Greenberg Middle East Scholar-In-Residence
2012 Scholar-in-Residence Lecture:
Justice of the Kadi: New Perspectives on Ottoman Law
Wednesday, September 19, 2012
Free Admission & Open to the Public
Iris Agmon, Department of Middle East Studies -Ben-Gurion University of the Negev
Sociologist Max Weber (1864-1920) introduced the term "kadi-justiz" (Kadi's justice)
to characterize Islamic and similar non-European pre-modern legal systems as less
rational, arbitrary and unsystematic. The term implies that the judge in Islamic court
reaches his decisions intuitively and without systematic reasoning. For a long time,
historiography on the Ottoman Empire unwittingly sustained this terminology. In the
last couple of decades, however, new approaches to the study of Ottoman law and legal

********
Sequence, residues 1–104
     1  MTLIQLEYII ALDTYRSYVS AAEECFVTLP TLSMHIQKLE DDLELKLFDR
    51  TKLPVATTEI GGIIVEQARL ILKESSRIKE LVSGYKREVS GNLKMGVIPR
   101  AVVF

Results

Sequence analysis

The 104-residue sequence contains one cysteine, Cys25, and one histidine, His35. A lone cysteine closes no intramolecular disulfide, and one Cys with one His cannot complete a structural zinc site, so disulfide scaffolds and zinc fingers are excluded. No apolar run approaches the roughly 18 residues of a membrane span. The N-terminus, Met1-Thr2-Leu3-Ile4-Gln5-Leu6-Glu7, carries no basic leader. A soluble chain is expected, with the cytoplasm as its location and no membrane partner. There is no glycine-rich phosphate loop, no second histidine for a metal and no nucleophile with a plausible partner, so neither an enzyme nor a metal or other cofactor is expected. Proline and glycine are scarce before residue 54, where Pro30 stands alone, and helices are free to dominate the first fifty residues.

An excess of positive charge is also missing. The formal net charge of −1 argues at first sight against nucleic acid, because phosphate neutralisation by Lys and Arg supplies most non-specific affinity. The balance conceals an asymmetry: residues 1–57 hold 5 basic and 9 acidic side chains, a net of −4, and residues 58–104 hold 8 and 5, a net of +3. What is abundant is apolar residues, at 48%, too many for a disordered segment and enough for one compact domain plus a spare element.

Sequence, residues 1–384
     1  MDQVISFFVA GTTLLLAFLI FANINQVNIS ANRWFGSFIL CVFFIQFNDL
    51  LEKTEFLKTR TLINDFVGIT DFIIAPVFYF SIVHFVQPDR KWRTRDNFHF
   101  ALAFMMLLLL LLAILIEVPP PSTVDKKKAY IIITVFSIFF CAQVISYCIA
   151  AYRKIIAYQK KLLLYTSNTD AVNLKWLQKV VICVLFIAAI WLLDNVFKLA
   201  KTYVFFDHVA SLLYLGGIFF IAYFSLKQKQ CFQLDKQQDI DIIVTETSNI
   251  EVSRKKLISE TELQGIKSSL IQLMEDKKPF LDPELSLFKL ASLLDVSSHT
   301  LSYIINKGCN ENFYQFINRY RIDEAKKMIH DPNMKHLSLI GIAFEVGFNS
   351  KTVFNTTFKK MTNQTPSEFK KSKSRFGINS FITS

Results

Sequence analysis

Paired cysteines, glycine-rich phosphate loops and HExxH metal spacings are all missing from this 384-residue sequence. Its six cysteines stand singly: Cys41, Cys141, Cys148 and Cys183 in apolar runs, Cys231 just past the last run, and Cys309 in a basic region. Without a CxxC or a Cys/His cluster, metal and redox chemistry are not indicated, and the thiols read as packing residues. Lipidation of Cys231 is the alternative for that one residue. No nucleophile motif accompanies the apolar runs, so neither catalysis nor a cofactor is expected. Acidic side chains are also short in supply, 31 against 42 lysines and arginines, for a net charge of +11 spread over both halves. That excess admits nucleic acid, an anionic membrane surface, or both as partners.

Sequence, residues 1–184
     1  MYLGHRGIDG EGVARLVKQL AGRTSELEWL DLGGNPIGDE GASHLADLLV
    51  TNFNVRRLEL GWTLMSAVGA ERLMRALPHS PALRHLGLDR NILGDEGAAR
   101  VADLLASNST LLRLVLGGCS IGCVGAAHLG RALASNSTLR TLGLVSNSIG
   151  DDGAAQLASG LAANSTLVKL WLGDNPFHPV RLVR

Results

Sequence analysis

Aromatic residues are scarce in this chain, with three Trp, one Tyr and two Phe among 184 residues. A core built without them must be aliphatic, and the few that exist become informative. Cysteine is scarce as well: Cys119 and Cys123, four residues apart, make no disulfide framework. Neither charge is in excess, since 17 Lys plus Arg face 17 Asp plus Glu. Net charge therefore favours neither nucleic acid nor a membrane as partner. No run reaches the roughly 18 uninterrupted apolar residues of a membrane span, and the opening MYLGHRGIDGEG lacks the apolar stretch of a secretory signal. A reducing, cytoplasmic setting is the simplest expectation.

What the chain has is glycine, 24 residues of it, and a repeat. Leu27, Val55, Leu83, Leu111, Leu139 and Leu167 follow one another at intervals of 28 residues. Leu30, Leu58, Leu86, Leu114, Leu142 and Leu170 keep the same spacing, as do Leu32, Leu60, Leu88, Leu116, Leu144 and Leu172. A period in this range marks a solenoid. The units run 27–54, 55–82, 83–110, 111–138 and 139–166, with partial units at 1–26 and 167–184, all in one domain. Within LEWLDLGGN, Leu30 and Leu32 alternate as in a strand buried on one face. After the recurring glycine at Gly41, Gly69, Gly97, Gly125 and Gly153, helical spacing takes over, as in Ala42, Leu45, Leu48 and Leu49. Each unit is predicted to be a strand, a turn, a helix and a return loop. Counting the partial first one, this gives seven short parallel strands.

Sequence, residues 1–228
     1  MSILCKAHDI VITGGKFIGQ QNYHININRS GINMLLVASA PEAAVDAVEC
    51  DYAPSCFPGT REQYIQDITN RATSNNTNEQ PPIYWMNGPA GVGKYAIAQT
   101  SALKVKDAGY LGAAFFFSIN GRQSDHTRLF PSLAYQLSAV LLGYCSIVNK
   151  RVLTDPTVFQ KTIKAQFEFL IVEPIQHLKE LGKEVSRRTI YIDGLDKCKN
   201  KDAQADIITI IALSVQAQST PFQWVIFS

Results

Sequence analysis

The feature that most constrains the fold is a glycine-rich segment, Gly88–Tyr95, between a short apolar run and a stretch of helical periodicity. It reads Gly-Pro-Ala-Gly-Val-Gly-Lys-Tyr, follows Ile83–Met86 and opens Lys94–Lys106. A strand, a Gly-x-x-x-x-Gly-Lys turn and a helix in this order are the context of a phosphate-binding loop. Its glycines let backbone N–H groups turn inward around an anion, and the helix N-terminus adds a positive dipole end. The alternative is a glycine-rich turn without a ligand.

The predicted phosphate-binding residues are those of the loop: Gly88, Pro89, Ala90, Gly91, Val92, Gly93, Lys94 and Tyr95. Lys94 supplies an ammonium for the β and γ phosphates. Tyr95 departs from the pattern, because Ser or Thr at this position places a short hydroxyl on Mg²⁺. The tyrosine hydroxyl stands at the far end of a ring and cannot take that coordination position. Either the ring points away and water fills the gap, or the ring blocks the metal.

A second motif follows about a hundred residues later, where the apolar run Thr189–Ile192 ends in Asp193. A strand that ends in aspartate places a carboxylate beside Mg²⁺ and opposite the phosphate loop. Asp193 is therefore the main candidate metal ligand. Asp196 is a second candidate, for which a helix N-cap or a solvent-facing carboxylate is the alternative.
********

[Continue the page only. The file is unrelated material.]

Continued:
history, particularly the socio-legal approach, have changed our understanding of
the legal system in general and the work of legal practitioners in the Ottoman Empire.
The lecture will discuss the transformation of the Ottoman judicial system focusing
on the key figure of the judge and pointing to new perspectives in the historiography
on the Ottoman Empire.
The Greenberg Middle East Scholar-in-Residence Series is made possible by a gift from
Skidmore Alumna, Jane Greenberg. The series enables the college to host an Israeli
scholar who through teaching, lecturing and participating in campus life, educates
the community on a range of topics concerning political life in the Middle East.